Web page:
Why Clients Choose Litigation Financing and a Particular Company
One continuing important question for litigation finance firms is on what basis do clients decide who they will get to fund them? In other words, what are the important considerations from the client’s perspective? The answers to these questions can be gleaned from a recent extensive survey of attorneys conducted by Lake Whillans and Above The Law.
The survey posed the question: “what are the most important considerations in choosing a litigation financier” and asked respondents to rate various factors. Unsurprisingly, the economic terms of a proposed arrangement were ranked as the most important factor by a substantial margin. The cost of an item is usually of primary concern to a consumer especially when the transaction is what amounts to a conditionally secured loan.
Well below the first factor, the second highest rated consideration was the financier’s right to influence/decide strategy or settlement. This is also unsurprising in that attorneys are well known for having high ethical standards, and a primary concern of theirs would naturally be ensuring that control of a case remained with the client. This helps to ensure in a lawsuit, that the interests of their clients are being protected and represented.
Third on the list, but only slightly behind the second consideration, was the flexibility regarding the structuring of financing arrangements. This should come as no surprise given the first consideration, apparently clients want some room to negotiate the proposed arrangement. Fourth, and not far behind the second and third items, was the financier’s reputation/track record. This is of course important as how a company has treated its customers in the past is a strong indicator of how it will treat them in the future. Everyone wants to know prior to entering into an arrangement with another party how ethical that party is, and how they can expect to be treated.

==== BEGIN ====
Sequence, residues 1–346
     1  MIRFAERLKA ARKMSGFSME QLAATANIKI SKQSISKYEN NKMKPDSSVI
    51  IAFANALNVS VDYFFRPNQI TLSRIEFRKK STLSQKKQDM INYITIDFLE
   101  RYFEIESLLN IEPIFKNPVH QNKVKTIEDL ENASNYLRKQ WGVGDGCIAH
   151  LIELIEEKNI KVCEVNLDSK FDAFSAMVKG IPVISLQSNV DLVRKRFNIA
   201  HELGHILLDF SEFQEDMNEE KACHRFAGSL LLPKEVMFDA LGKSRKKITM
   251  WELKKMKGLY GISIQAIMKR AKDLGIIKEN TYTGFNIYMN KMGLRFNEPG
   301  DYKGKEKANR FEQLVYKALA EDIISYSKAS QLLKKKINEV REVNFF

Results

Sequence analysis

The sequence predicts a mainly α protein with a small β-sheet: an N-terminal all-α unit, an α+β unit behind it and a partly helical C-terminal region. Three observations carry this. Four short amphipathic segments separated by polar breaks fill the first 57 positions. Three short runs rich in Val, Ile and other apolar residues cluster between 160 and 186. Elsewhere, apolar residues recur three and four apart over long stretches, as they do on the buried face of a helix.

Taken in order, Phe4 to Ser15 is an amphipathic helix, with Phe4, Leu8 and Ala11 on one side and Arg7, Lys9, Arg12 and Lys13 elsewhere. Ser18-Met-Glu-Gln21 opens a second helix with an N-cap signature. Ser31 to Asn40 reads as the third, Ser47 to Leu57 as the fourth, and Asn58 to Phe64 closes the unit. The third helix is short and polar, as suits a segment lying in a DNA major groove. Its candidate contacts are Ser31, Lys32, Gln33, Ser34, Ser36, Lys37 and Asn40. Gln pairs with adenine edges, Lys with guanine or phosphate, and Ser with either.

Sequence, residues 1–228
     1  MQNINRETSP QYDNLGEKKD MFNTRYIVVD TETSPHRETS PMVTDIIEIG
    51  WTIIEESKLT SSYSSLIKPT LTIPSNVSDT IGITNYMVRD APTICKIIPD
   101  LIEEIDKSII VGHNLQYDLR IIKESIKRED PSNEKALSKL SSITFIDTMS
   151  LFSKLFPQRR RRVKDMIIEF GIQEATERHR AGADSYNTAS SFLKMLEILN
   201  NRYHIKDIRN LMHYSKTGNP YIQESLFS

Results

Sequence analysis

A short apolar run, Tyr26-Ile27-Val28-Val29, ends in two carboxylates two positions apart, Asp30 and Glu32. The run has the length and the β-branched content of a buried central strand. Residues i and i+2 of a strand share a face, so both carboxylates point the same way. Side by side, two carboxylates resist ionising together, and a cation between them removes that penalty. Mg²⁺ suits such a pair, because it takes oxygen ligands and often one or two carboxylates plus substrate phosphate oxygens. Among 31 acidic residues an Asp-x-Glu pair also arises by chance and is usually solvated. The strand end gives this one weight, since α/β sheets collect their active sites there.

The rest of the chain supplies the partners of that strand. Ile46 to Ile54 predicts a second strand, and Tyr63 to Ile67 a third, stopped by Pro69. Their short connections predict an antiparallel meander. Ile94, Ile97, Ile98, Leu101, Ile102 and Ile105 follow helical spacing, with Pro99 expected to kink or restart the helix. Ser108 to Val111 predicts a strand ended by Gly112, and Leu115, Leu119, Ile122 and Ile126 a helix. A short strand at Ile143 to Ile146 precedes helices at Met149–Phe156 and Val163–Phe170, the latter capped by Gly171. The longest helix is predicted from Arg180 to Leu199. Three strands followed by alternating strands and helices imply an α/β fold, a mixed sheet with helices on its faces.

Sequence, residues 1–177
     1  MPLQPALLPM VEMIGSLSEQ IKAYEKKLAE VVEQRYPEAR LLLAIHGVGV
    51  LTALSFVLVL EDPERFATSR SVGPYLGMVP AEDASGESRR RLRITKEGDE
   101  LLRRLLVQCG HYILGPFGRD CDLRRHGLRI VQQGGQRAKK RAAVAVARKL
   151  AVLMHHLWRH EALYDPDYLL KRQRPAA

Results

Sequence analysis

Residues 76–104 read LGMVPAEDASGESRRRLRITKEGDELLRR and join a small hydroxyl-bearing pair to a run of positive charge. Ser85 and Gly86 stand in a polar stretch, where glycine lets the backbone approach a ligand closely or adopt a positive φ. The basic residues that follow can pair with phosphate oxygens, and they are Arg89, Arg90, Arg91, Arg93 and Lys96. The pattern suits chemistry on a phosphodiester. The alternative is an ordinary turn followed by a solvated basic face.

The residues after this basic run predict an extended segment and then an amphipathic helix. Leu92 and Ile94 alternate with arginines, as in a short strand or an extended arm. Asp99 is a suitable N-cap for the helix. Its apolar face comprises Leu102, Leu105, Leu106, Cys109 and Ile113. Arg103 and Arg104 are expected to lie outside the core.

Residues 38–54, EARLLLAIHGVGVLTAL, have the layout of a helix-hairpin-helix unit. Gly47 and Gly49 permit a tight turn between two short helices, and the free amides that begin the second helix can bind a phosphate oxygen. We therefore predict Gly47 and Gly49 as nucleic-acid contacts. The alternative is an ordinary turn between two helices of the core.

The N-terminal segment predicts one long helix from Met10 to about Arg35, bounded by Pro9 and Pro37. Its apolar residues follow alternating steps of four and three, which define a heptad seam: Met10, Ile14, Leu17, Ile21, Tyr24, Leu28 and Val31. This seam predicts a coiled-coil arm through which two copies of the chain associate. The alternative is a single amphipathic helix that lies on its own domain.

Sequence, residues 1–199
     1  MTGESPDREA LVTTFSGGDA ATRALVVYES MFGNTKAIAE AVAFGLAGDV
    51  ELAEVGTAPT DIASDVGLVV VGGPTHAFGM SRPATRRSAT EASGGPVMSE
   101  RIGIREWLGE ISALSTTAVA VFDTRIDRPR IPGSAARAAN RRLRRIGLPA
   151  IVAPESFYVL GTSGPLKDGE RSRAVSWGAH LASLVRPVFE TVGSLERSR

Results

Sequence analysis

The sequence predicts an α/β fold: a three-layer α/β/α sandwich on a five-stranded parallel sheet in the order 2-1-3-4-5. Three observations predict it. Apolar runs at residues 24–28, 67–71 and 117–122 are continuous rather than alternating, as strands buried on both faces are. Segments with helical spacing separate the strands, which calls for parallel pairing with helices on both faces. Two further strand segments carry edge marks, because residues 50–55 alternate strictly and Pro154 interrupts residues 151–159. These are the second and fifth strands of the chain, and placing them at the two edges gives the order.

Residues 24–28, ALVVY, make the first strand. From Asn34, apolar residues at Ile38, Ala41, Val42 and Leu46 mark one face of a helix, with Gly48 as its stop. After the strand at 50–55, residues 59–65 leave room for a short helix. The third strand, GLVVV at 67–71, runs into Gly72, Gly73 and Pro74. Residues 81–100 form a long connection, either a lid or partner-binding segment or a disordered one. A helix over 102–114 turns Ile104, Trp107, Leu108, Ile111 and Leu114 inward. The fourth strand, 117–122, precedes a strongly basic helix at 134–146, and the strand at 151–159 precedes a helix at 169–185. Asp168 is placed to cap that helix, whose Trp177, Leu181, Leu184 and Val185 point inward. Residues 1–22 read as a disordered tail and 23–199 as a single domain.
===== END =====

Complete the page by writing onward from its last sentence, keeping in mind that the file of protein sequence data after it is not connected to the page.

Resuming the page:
Fifth and well below the first four factors was the financiers subject matter or industry-specific expertise. This comes as somewhat of a surprise as many litigation financing companies pride themselves on hiring top legal talent with the ability to understand and dissect complex legal cases in their area. Indeed one of the benefits touted by litigation financing promoters is the neutral outside opinion they offer on a cases merits. It seems that this is an area where attorneys value their own expertise over other peoples. This is natural as they have worked long and hard to be able to develop that expertise and may regard outside opinions as interference. It is worth noting here that this survey was given exclusively to attorneys and perhaps if it were given to litigants themselves the answers would have been different.
The sixth consideration was just below the fifth indicating many respondents disagreed as to which was more important was the speed and responsiveness of the litigation financing company. This is not a surprise as lawyers are used to things moving at the speed of the court system which is substantially below that of other areas of life. The last consideration was marked as “other” and was as far below the sixth choice as the sixth was to the first. This indicates that almost all the respondents felt all important considerations were covered in the survey and these are the factors clients currently weigh when considering litigation financing.
The responses were relatively stable across the board with the largest differences being between partners and associates in their views as to the importance of speed and subject matter expertise. This can be attributed to time spent in the legal marketplace the differing points of view represented at different experience levels. Interestingly sole practitioners also rated speed as more important, their eagerness may be a result of their bearing the sole responsibility for the success of their firm.
Differences of opinion aside there was a relatively strong agreement as to what is important in a litigation financing company with emphasis being place on financial terms and company reputation as opposed to more traditional areas of customer service such as speed or subject expertise. The companies which learn to cater their services to this breed of customer may gain market share or perhaps customers will learn a new appreciation for the unused services financiers provide. Regardless of how the market changes up this survey makes one thing abundantly clear, namely litigation finance is on the rise and it is likely to remain that way.
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